A few gems from the full collection (from TreeHugger) of WWII posters about food, food security etc. Reminds me of my Oma who ALWAYS said ‘Waste not, want not’ even when I was fighting to throw away moldy cream cheese or dried out onions from her fridge. Some of these though we should certainly live by now, no matter the military situation our nation is in.

Tofu: The Stubborn Nemesis

I’ve always liked tofu. When I was a toddler our neighbors owned a Chinese restaurant and my favorite food when we went there was the tofu out of the hot & sour soup. Even boiled, mushy, and spicy – I loved it. Delicious!

Hot & Sour soup – my original tofu love

But sadly, in all my years since then I’ve never mastered tofu (or hot & soup either… the ingredients list for those recipes are way over my head at this point, though good recipes/suggestions are welcome). But until lately, whenever I’ve tried to make tofu stirfry in our wok I ended up with squishy broken chunks of flavorless soy product. Anti-appetizing. I’ve tried squeezing it out, using different knifes to cut it up, marinating and not marinating it… I thought it was hopeless.

Then, a few weeks ago, I came across the blog Rabbit food For My Bunny Teeth. While her story of weight loss is pretty inspiring, I was really after tasty but easy vegan recipes. And to my delight, Spicy Korean Tacos sounded (and looked!) delicious.

Despite my hesitation, I decided to try it out. We went with normal corn tortillas due to what we could find at our local run-of-the-mill grocery store, instead of cabbage we had lightly sauteed celery, carrots and onions, and I did add a tid bit of spicy szechuan sauce at the very end to add a bit more flavor. Otherwise though, I stayed on point. And by that I mean, I made the tofu exactly as she said. I put the soy sauce, siracha and oil in my cast iron skillet (instead of the wok), cranked it up, and dumped in my squeezed (pre-cubed –  more on that in a sec) extra firm tofu. And you know what? It worked. It seared on that soy sauce flavor. I didn’t need to marinate it, or douse it in tons of oil to get it to crisp up. It just happened. Like magic. With a sprinkle of sesame seeds, they were complete.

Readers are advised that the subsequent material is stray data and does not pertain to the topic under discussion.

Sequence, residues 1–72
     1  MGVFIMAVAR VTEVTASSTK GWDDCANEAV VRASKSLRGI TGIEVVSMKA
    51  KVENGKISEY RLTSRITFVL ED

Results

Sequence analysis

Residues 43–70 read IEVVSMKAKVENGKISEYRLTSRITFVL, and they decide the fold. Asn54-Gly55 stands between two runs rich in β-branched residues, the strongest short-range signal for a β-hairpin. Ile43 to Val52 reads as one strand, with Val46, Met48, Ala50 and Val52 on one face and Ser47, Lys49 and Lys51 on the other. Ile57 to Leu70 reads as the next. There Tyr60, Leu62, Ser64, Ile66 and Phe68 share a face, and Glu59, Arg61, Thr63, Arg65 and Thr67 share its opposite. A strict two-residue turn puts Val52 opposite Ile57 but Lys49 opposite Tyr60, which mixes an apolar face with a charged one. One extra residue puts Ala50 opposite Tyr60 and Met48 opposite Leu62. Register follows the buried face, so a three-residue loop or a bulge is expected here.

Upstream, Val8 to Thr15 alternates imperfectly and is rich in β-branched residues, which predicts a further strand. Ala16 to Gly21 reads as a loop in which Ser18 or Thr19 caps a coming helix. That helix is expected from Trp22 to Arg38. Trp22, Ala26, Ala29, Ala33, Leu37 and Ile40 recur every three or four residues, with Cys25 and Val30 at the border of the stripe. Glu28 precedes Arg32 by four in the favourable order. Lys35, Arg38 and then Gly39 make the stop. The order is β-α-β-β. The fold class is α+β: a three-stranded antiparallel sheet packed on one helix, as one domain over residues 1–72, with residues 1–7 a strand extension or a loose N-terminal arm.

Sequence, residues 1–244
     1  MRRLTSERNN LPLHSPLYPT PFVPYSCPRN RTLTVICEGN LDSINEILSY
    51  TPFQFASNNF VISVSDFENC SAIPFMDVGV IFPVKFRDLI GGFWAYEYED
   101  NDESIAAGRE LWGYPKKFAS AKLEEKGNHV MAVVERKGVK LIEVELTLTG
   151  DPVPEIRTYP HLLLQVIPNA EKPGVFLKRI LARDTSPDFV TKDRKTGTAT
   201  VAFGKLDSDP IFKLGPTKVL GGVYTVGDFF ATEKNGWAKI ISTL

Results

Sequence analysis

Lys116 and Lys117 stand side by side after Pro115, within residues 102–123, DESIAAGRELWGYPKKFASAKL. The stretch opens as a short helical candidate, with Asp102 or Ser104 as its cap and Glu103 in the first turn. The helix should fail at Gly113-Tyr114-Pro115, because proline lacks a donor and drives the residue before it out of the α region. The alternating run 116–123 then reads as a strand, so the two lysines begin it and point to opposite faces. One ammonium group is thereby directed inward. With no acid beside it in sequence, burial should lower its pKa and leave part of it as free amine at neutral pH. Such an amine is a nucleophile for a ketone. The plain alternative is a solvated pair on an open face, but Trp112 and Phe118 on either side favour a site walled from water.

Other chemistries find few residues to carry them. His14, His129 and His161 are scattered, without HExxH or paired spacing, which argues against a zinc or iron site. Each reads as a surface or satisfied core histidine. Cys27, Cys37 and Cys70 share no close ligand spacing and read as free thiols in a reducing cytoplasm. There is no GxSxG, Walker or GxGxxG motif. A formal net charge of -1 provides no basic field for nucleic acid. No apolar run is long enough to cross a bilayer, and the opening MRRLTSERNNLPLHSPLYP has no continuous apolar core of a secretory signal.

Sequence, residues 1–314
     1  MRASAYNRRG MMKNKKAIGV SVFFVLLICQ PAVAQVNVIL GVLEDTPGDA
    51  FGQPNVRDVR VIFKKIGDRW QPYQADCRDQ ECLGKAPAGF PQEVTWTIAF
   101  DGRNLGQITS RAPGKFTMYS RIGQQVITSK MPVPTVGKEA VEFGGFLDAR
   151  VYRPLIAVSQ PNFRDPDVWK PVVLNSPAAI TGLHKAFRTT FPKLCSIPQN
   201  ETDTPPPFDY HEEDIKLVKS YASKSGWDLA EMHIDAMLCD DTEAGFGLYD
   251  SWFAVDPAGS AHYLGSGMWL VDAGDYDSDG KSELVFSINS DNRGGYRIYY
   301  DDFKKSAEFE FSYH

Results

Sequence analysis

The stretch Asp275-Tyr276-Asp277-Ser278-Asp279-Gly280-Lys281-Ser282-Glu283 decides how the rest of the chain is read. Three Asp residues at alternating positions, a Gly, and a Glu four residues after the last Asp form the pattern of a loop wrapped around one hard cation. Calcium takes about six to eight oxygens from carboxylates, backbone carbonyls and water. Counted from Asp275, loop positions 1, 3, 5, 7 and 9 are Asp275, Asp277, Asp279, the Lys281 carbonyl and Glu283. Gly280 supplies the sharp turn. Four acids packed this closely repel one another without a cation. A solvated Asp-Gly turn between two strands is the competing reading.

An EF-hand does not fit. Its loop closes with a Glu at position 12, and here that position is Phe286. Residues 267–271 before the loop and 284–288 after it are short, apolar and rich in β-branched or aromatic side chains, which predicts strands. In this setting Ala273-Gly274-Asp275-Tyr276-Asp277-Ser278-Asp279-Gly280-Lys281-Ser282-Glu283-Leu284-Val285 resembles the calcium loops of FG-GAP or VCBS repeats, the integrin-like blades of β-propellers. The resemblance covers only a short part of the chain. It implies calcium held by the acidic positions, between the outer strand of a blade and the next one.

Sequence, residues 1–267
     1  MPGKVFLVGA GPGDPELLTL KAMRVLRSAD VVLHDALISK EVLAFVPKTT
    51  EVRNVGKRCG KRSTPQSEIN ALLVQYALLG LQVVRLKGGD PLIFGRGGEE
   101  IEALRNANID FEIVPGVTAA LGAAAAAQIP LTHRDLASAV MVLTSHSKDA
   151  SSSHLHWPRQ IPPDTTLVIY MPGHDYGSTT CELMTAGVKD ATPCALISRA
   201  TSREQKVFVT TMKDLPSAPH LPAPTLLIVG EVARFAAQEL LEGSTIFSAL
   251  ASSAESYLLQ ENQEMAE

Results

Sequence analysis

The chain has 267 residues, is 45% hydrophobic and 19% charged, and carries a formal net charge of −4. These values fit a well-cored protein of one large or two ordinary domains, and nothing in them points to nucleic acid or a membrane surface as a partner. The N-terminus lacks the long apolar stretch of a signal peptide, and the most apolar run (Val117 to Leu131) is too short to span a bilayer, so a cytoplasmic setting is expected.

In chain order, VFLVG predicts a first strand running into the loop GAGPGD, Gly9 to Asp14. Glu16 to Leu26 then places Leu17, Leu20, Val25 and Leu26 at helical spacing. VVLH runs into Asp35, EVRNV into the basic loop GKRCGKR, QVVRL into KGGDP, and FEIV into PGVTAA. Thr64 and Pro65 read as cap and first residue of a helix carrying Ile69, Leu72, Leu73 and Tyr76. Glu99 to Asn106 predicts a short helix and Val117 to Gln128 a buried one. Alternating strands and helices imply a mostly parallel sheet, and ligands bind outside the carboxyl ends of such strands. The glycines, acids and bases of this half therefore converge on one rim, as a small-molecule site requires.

I loved it, the boyfriend loved it, all were quite pleased with our not-very-Korean, Korean tacos (I mean, seriously, what about these is Korean specifically really?). I made the filling again the other day to eat on top of quinoa, and even bought the not pre-cubed tofu. Extra-firm block was purchased and I was determined to be able to cut it w/o crumbling. So, I set a plate below with a few paper towels, and a plate on top and then the caste iron on top to put on some heavy pressure. In a few minutes I took it out to cube (with a serrated knife) and TADA! Worked like a charm. I cooked it up just like before and it made a delicious lunch.

My suspicion is that my trusty cast iron skillet was highly underutilized in my tofu cooking processes before and made both the squeezing and the cooking MUCH improved. But that’s just an inkling.